Last week, from 7-9th of May to be precise, Nigeria took centre stage by hosting the World Economic Forum on Africa with over one thousand participants from all over the world in attendants.
Though, the World Economic Forum on African opened under long shadow by the plight of abducted schoolgirls from the Government Girls School, Chibok, Borno state, North-Eastern Nigeria and unstoppable mayhem of innocent citizens by the Boko Haram sect, events which have tarnished the image of the country that has come of age.
In April, 2014, Nigeria, Africa’s most populous nation assumed the presidency of the United Nations Security Council and chairmanship of the African Union’s Peace and Security Council and still in April, esoterically, news flooded the world that Nigeria had also dethroned South Africa to become the continent’s largest economy.
Yet, while its role regionally and globally may never have been greater, recent events – most notably the abduction of more than 200 schoolgirls by the Islamist armed group Boko Haram – show that Nigeria faces a serious domestic test of its stability which also threatens regional peace and security.
More than three weeks after the girls were taken from a secondary school in Chibok, their whereabouts remain unknown and frustration is mounting at the inability of the government to find them. Indeed the only arrests so far made related to the kidnappings have been of two women protesting against the slowness of the government’s response.
The horrific abduction shows the serious nature of violations of international humanitarian and human rights law being committed by Boko Haram. It is imperative that Nigeria acts swiftly and firmly to secure their safe return – with international support if needed – but the process must also demonstrate a commitment to human dignity, human rights, transparency and accountability. To do this Nigeria needs the help of all its friends who attended the Abuja World Economic Forum.
Security agencies, both foreign and local must recognize the fact that human right of everybody must be preserved.
In May 2013, following a deepening campaign of violence by Boko Haram, in north-eastern Nigeria, President Goodluck Jonathan declared a state of emergency in Adamawa, Borno and Yobe states.
But a year on, the violence has intensified in both scope and casualties and the population are becoming increasingly vulnerable not only to abuses by Boko Haram but also to violations by the state security forces who have regularly responded with heavy-handed and indiscriminate violence of their own.
In the first four months of 2014, more than 1,800 people have been killed in the conflict. In April, on the same day that the schoolgirls were abducted from Chibok, Borno state, a car bomb planted by Boko Haram in Nyanya bus station killed more than 70 people, and fourteen days (14) after the first NYANYA bombing, the part-two of NYANYA bombing was released, killing another scores of lives. In the light of this protracted killings by the Boko Haram sect, Several institutions, including Amnesty International, the International Committee of the Red Cross (ICRC) etc,recognise that the situation has deteriorated into a non-international armed conflict and the Muslim community in Nigeria and world at large have described Boko Haram’s actions as unislamic, crimes against humanity, war crimes and a menace that must be stopped at all cost.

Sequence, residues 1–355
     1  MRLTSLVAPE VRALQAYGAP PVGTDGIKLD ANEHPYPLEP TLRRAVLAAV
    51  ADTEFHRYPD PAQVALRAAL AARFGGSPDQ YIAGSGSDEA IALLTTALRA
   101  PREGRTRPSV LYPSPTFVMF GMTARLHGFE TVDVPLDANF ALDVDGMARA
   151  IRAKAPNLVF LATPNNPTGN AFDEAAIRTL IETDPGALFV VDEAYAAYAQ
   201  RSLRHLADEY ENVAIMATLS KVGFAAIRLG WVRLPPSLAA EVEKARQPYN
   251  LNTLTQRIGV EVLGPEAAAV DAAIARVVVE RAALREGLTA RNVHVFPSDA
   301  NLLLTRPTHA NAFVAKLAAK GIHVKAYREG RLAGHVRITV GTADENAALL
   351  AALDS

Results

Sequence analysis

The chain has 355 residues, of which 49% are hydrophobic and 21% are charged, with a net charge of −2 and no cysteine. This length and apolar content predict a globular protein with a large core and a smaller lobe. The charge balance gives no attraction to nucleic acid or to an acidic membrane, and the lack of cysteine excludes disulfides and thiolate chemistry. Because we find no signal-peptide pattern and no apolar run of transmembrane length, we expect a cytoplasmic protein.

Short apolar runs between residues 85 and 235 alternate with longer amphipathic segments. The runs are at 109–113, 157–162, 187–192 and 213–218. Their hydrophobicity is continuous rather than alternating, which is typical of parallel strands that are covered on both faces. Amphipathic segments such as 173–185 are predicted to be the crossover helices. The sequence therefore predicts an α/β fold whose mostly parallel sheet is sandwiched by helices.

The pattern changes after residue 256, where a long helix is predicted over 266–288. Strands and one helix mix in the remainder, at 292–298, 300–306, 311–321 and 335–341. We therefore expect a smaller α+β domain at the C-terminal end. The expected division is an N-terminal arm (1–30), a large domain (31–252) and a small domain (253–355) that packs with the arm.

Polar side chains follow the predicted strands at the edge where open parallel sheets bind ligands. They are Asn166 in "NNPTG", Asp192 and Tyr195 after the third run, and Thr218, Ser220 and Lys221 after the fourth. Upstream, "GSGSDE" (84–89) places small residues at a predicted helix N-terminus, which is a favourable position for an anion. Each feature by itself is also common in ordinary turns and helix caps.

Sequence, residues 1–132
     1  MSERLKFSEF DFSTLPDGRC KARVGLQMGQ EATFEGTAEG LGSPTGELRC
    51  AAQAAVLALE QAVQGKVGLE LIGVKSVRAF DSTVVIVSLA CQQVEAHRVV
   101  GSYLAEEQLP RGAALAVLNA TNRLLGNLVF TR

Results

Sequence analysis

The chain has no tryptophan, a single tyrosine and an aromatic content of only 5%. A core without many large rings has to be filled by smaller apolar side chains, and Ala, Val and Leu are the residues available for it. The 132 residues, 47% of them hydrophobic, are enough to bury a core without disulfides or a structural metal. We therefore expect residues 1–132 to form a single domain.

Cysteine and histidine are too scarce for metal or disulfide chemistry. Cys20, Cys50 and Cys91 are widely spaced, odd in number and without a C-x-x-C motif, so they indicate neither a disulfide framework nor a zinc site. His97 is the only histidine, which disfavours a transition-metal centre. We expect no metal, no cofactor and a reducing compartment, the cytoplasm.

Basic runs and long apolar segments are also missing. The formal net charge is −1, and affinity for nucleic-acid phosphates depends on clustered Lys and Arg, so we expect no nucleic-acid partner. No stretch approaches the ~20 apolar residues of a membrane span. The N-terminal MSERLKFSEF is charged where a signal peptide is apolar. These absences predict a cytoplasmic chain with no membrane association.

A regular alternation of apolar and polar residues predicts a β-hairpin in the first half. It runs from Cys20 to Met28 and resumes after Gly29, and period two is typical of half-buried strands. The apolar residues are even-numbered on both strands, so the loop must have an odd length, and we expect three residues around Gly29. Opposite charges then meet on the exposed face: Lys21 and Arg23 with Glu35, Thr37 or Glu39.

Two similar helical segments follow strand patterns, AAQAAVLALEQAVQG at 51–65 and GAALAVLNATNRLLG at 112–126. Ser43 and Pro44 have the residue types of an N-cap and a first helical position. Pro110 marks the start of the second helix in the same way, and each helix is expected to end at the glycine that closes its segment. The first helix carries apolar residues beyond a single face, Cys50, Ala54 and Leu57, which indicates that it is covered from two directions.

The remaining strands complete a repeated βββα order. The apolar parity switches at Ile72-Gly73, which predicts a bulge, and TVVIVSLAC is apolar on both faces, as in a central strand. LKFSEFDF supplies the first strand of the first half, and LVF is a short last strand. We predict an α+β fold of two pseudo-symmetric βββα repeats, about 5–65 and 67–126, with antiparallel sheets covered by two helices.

No responsible government can sit back and do nothing in the face of such unfolding horror, not undermining the effort of the present administration in fighting the Boko Haram sect. The challenge, however, is to respond in a way that enhances instead of diminishes the resilience of the country and its institutions, upholds the dignity of the affected communities and does not involve state actors in serious violations of International human rights and Humanitarian Law.
So what should happen? While The country’s counter-insurgency strategy should be anchored on recognition of human rights and support for community resilience, the residents of the trouble-ridden areas must provide the necessary security information to the security operatives, it is not the matter of hiding identity because of being picked by the insurgents, they must identify the insurgents as their worse enemies.
Office holders, from the governors to the counsellors in the troubled states must desist from politicizing the Boko Haram and stand up in defense of their citizens. Federal government cannot do it alone.
The government in coordination with the National Human Rights Commission should carry out a transparent investigation into all allegations of abuses on both sides, those who have been fingered to have provided some kinds of aids to the insurgency should be adequately and carefully questioned. National institutions for accountability must be supported – with international assistance if needed. Nigeria has distinguished herself as a strong promoter of international peace and justice, therefore, accepting offer of assistance from foreign countries in the fight against Boko Haram sect is not out of place.
As the world holds its breath for safe return of the abducted schoolgirls, we also must hope that the kidnappers will be brought to justice and that Nigeria can lead the way on human rights protection as well as economic development.